Spectre flaw re-opens chip risks

Spectre flaw re-opens chip risks

Technology News |
By Nick Flaherty

The initial Spectre vulnerability was identified in 2018 and a fix developed. As with many security issues, that fix has its own vulnerability say the researchers at the University of Virginia School of Engineering. The team, led by Prof Ashish Venkat (above) found the problem in the micro-op cache and reported its discovery to international chip makers last month.  

Because all current Spectre defences protect the processor in a later stage of speculative execution, they are useless in the face of Venkat’s team’s new attacks. Two variants of the attacks the team discovered can steal speculatively accessed information from Intel and AMD processors.

“Intel’s suggested defense against Spectre, which is called LFENCE, places sensitive code in a waiting area until the security checks are executed, and only then is the sensitive code allowed to execute,” said Venkat. “But it turns out the walls of this waiting area have ears, which our attack exploits. We show how an attacker can smuggle secrets through the micro-op cache by using it as a covert channel.”

Venkat’s team includes three of his computer science graduate students, Ph.D. student Xida Ren, Ph.D. student Logan Moody and master’s degree recipient Matthew Jordan. The UVA team collaborated with Dean Tullsen, professor of the Department of Computer Science and Engineering at the University of California, San Diego, and his Ph.D. student Mohammadkazem Taram to reverse-engineer certain undocumented features in Intel and AMD processors.

“In the case of the previous Spectre attacks, developers have come up with a relatively easy way to prevent any sort of attack without a major performance penalty” for computing, said researcher Logan Moody. “The difference with this attack is you take a much greater performance penalty than those previous attacks.”

“Patches that disable the micro-op cache or halt speculative execution on legacy hardware would effectively roll back critical performance innovations in most modern Intel and AMD processors, and this just isn’t feasible,” said fellow researcher Xida Ren.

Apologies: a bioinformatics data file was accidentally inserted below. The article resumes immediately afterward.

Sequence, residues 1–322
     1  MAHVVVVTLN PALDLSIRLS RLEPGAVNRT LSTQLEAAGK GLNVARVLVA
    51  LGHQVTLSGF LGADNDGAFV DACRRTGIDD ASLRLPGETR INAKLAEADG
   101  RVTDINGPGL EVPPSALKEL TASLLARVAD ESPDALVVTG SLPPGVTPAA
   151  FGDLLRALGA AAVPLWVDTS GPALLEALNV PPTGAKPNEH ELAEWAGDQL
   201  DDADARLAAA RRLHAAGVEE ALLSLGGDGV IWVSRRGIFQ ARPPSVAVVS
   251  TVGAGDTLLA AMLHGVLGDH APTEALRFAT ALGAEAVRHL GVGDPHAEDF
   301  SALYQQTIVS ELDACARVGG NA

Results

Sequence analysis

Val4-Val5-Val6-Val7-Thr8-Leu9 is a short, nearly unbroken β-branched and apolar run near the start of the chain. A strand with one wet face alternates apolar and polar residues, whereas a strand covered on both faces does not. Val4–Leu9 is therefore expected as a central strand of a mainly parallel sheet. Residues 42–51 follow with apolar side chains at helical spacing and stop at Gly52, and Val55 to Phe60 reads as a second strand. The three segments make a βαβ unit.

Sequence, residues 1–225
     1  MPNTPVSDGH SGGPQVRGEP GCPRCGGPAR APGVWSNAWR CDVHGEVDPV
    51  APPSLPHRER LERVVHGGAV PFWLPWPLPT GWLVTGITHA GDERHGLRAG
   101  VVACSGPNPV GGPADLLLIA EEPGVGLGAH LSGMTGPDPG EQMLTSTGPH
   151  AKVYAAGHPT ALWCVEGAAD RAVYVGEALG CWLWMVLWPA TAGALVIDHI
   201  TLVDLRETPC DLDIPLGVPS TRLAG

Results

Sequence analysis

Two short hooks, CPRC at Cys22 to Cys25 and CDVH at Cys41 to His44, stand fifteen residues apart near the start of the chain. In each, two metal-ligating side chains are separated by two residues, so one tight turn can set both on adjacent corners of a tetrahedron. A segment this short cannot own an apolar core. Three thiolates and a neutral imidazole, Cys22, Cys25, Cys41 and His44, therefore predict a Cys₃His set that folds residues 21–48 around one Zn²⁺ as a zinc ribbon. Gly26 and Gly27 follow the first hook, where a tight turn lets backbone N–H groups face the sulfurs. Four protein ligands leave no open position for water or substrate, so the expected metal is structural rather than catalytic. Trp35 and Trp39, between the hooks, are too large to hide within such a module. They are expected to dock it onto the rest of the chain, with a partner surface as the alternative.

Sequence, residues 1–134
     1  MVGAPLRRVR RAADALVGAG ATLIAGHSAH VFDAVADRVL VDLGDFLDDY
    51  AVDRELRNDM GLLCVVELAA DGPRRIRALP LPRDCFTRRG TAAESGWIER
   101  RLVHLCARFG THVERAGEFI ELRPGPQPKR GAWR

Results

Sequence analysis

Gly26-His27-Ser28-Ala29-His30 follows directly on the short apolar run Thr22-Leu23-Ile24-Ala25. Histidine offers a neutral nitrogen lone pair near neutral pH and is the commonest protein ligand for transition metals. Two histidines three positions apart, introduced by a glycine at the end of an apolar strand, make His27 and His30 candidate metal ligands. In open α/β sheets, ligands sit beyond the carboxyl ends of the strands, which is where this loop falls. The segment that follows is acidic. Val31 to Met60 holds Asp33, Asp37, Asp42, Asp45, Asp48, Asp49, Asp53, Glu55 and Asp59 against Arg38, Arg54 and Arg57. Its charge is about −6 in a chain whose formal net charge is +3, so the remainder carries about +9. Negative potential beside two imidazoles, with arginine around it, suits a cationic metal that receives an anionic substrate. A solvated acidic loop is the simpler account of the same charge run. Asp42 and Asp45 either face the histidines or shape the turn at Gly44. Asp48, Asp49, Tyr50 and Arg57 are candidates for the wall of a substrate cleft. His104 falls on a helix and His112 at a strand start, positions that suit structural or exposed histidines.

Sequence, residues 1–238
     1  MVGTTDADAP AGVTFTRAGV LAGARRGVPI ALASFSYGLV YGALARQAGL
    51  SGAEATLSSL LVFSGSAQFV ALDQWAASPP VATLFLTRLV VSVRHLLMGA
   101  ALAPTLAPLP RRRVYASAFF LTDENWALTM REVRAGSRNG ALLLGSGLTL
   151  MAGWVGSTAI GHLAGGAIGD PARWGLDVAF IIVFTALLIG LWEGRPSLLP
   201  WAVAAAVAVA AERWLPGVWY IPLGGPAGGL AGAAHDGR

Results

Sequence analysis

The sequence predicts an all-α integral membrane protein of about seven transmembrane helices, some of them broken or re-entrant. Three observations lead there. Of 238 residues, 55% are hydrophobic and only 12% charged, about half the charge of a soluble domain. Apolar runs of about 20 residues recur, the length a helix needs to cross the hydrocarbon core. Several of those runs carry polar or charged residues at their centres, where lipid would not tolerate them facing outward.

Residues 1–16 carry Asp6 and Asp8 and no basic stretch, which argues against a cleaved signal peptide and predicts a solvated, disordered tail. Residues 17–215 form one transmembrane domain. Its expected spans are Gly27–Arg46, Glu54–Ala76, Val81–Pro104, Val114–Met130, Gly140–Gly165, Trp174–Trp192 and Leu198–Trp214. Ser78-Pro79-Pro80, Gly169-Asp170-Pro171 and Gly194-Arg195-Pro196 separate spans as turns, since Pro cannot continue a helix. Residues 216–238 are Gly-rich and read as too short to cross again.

“It is really unclear how to solve this problem in a way that offers high performance to legacy hardware, but we have to make it work,” Venkat said. “Securing the micro-op cache is an interesting line of research and one that we are considering.”

Intel has said no additional mitigation would be required if software developers write code using a method called “constant-time programming” that is not vulnerable to the side-channel attacks.

“Certainly, we agree that software needs to be more secure, and we agree as a community that constant-time programming is an effective means to writing code that is invulnerable to side-channel attacks,” said Venkat. “However, the vulnerability we uncovered is in hardware, and it is important to also design processors that are secure and resilient against these attacks.

“In addition, constant-time programming is not only hard in terms of the actual programmer effort, but also entails high performance overhead and significant deployment challenges related to patching all sensitive software,” he said. “The percentage of code that is written using constant-time principles is in fact quite small. Relying on this would be dangerous. That is why we still need to secure the hardware.”

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